Osteochondral Autograft Transfers
Our joints are equipped with a resilient, smooth substance known as cartilage. This essential surface facilitates the effortless and painless gliding of joints, granting us the freedom to move and flex. However, as the natural aging process unfolds or as we engage in sports and physical activities, this cartilage can begin to deteriorate and sustain damage. This deterioration can give rise to specific conditions that manifest as knee joint pain, stiffness, and swelling.
One of the notable procedures designed to alleviate these issues is osteochondral autograft transfer (OATS). In this surgical technique, a small plug consisting of both bone and cartilage is extracted from a less weight-bearing area of the knee using a specialized cylindrical coring device. This plug is then transplanted into an area of the knee that exhibits a symptomatic osteochondral defect. Typically, OATS procedures are performed arthroscopically. It's worth noting that the target defect areas are usually around 1 cm or smaller to minimize any potential complications at the donor site where the plug was removed.
While microfracture procedures are often recommended for addressing minor defects, there are instances where microfracture may not be the most suitable option. This includes scenarios involving patients who are taking blood thinners, individuals with cysts beneath the cartilage defect area, or those engaged in physically demanding occupations or sports that require a faster post-surgery return to activity.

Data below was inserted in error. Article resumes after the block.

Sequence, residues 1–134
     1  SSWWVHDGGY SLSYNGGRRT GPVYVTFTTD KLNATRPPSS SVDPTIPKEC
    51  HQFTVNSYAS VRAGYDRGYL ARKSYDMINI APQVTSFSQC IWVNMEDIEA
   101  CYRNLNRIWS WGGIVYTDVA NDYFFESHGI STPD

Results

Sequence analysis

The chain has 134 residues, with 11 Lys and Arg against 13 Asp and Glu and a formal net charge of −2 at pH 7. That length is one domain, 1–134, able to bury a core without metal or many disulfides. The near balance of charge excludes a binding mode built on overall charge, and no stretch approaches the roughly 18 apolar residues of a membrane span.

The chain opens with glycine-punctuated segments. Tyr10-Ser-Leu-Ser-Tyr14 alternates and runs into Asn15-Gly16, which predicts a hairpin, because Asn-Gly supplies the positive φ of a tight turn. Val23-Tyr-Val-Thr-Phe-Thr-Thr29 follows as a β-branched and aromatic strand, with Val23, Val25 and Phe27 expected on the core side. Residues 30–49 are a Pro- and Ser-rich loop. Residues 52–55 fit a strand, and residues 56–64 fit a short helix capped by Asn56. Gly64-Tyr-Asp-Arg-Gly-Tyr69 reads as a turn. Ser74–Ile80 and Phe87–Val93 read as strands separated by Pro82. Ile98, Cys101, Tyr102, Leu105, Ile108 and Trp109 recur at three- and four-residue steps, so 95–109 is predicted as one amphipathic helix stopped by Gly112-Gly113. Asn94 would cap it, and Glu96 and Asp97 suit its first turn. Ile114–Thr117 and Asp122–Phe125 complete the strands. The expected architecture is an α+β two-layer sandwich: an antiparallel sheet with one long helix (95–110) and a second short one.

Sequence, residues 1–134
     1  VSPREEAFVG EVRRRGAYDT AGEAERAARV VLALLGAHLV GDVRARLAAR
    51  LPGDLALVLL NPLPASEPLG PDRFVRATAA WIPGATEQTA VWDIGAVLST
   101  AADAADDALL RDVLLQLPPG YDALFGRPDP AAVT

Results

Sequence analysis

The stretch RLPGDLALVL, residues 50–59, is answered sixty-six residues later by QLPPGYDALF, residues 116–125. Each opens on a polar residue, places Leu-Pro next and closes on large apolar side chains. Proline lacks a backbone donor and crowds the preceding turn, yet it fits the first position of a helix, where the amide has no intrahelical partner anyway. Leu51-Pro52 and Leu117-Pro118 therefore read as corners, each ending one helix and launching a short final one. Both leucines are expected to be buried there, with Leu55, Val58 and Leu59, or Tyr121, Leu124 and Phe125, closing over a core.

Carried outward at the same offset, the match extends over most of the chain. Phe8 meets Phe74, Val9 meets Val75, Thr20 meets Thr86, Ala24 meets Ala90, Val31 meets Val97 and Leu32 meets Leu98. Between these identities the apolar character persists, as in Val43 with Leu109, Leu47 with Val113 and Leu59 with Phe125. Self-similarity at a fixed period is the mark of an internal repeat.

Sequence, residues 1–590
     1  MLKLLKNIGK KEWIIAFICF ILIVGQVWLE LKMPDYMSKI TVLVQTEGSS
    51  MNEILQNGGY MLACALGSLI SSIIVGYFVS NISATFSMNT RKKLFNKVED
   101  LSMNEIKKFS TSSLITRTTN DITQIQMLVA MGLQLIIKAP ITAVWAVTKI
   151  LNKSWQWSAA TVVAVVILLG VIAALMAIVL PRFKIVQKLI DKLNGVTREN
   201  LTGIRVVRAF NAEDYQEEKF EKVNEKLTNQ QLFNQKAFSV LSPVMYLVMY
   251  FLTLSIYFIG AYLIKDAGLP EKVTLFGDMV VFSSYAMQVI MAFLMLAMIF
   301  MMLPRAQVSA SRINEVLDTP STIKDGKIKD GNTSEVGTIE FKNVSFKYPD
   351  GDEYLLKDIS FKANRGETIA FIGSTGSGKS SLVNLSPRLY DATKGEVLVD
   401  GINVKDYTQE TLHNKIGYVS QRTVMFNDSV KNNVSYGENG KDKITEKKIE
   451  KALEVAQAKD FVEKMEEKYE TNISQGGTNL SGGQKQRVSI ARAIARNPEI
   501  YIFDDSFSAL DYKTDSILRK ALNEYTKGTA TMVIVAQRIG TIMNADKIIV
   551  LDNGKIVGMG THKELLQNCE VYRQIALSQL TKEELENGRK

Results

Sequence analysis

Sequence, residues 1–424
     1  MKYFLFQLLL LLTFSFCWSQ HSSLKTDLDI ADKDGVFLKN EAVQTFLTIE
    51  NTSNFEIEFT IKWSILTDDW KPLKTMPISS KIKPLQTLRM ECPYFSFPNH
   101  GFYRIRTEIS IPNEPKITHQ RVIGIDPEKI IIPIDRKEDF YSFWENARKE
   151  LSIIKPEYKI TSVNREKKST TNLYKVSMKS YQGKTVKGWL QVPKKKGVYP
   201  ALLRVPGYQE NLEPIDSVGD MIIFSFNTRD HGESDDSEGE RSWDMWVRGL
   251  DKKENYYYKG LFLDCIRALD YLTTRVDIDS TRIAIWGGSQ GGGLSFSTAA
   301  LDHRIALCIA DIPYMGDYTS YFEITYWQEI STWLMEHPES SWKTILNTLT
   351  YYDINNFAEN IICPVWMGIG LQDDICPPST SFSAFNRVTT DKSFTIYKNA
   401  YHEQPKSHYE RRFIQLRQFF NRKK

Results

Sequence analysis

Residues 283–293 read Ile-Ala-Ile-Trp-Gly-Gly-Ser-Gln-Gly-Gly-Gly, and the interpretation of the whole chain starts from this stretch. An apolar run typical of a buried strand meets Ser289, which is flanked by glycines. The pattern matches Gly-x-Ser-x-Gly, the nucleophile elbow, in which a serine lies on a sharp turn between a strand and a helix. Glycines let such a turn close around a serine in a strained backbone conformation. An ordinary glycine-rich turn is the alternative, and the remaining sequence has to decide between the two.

In most cases, a small open incision is made at the location where the plug is being implanted. This ensures precise placement that aligns with the normal contour of the remaining articular cartilage. While the majority of the surgery can be conducted arthroscopically, it does necessitate several arthroscopic incisions around the knee to facilitate the transplantation of the donor graft into the recipient site.
Post-Operative Protocol for Osteochondral Autograft Transfers
Patients who undergo osteochondral autograft transfers typically follow a specific rehabilitation protocol to optimize their recovery. Initially, they are instructed to refrain from bearing weight on the affected leg for approximately 6 weeks following the surgery. During this period, a continuous passive motion (CPM) machine becomes an essential component of their rehabilitation routine, and patients are encouraged to use it for 6-8 hours each day. The CPM machine aids in moving the patellofemoral joint without relying on the patient's muscles, which is especially important during the initial stages of healing.
Once the 6-week mark post-surgery is reached, patients are granted permission to gradually increase their weight-bearing capacity, as tolerated. This phase also marks the commencement of using a stationary bike as part of their rehabilitation program, contributing to the restoration of their knee's functionality. Overall, the goal is to ensure that patients regain their strength, experience no swelling or pain during physical activities, and see a return to their normal level of function. This comprehensive process typically spans a minimum of 5-6 months to achieve a full recovery. It's essential to understand that recovery times can vary depending on individual factors, such as anatomy, healing capacity, and overall health prior to the surgery.
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